11. In addition, he argues that admission of a statement that is not subject to cross-examination is at odds with decisions of the European Court of Human Rights, and of various common and civil law jurisdictions. For example, he points to decisions interpreting Article 6(3)(d) of the European Convention on Human Rights,6 which also gives the accused the right to “examine or have examined the witnesses against him.” Kordic contends that the European Court of Human Rights has generally deemed permissible the use of out-of-court statements in evidence only if the accused has at some point been given the opportunity to question the witness. When exceptional circumstances have compelled the use of such statements without cross-examination, he argues, the European Court has held that the conviction cannot be solely or mainly based on the uncross-examined statement.7 In addition, Kordic submits that an unsworn, uncross-examined statement taken by an investigator in the field (and not by an investigating judge) would be inadmissible in both civil and common law countries, citing as examples the laws of the United States, Germany, and the Netherlands.8
  12. More generally, Kordic contends that the Trial Chamber here construed Rule 89(C) so broadly as to allow it to admit any evidence, so long as it gives such evidence only the proper "weight" in its final decision.9 This construction, he submits, is contrary to both the plain language and the overall structure of the Tribunal’s Rules. In this regard, he points to Rule 90(A), which provides that "[s]ubject to Rules 71 and 71bis, witnesses shall, in principle, be heard directly by the Chambers." Rules 71 and 71bis set out the circumstances and conditions in which testimony may be taken by deposition or video-conference, and both allow for cross-examination.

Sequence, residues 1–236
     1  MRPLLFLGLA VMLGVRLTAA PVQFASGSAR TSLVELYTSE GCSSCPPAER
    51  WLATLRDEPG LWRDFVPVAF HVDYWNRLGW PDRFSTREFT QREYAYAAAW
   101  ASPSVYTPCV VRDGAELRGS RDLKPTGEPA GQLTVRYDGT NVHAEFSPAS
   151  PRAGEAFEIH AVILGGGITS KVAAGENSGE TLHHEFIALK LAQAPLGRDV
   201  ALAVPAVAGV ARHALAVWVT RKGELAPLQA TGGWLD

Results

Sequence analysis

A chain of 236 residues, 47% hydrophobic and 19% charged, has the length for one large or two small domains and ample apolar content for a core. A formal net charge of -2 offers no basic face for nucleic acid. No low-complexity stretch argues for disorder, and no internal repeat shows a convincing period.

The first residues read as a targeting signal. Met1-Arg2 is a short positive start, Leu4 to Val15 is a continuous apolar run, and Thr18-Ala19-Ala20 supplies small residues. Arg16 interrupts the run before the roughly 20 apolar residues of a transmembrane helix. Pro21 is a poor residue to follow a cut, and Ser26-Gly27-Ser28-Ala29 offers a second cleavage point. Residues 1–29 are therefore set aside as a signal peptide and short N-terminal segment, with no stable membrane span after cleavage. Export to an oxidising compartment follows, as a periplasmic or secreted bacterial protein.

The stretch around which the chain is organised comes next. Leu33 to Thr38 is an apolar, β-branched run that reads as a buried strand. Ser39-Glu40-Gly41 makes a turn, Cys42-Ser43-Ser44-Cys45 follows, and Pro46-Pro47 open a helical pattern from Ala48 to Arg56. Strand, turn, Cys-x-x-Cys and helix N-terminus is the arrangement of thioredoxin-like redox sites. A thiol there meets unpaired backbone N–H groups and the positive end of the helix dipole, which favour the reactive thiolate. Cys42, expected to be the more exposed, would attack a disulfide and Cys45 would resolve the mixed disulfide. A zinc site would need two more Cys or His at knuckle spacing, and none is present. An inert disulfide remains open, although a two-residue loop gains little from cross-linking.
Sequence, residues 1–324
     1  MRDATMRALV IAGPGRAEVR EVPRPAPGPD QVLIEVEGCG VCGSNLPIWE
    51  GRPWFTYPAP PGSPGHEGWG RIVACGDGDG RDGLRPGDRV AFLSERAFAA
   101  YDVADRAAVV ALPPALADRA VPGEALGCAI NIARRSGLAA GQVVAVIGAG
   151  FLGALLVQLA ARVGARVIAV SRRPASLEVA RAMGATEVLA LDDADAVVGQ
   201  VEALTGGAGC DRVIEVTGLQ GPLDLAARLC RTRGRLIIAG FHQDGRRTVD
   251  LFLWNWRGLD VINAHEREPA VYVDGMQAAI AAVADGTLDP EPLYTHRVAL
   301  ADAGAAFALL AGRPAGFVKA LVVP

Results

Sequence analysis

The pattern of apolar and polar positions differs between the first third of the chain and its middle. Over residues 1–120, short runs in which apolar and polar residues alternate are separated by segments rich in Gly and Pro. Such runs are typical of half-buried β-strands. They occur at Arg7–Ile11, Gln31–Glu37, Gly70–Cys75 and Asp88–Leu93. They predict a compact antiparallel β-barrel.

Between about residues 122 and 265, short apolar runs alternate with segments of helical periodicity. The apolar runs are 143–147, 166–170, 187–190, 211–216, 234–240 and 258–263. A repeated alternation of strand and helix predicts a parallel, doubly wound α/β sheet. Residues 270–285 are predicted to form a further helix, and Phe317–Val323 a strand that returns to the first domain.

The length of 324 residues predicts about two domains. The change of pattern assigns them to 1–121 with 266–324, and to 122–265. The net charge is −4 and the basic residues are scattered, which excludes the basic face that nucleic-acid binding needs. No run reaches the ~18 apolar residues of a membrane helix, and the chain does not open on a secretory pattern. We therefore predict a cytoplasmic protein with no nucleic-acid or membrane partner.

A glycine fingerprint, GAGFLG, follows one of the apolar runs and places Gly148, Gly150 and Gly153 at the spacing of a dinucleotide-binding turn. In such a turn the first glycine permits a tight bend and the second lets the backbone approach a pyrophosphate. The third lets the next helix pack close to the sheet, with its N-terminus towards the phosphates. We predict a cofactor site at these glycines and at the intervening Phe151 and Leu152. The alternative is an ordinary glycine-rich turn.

13. B. The Prosecution’s Arguments

  14. The Prosecution argues that "‘the exercise of the rights of the accused in each case is not absolute, but is subject to the control of the Trial Chamber to ensure a fair and expeditious trial in the interests of justice.’"10 The right of the accused to examine the witnesses against him, the Prosecution argues, must yield in appropriate circumstances in the interests of considering the maximum amount of relevant evidence.
  15. Accordingly, the Prosecution contends, Rule 89 gives extremely broad powers to the Trial Chambers to admit all relevant evidence, with only two exceptions: (1) "if its probative value is substantially outweighed by the need to ensure a fair trial;"11 or (2) if the evidence was obtained by methods which cast substantial doubt on its reliability.12 In the Prosecution’s view, the Haskic statement does not fall within either of these categories.
  16. The fact that evidence was not subject to cross-examination, the Prosecution contends, should therefore go to its weight and not its admissibility.
  17. The Prosecution notes that the prior out-of-court statement of this witness was admitted in the Blaškic case at the request of the accused,. In that case, the Trial Chamber considered "the need for the proper administration of justice and the requirement of a fair trial" and the exceptions to the principle of oral testimony and cross-examination recognized "both in the national legal systems and precedents established by international jurisdictions, including those exceptions relating to the admission of statements of deceased witnesses." 13
  18. The Prosecution further relies on the Appeals Chamber decision in Aleksovski upholding the admission of transcripts from the Blaškic trial. In Aleksovski, the accused offered a transcript of the testimony of one witness, which was then admitted over the Prosecution’s objection. This decision was upheld by the Appeals Chamber.14 In addition, the Appeals Chamber in Aleksovski ordered the Trial Chamber to admit another transcript of another witness’s testimony from Blaškic at the Prosecution’s request and over the objection of the accused, for the purpose of rebutting the testimony contained in the first transcript.15 The Aleksovski decision, the Prosecution contends, establishes the propriety of admitting prior statements without calling the witness for cross-examination in the current proceeding.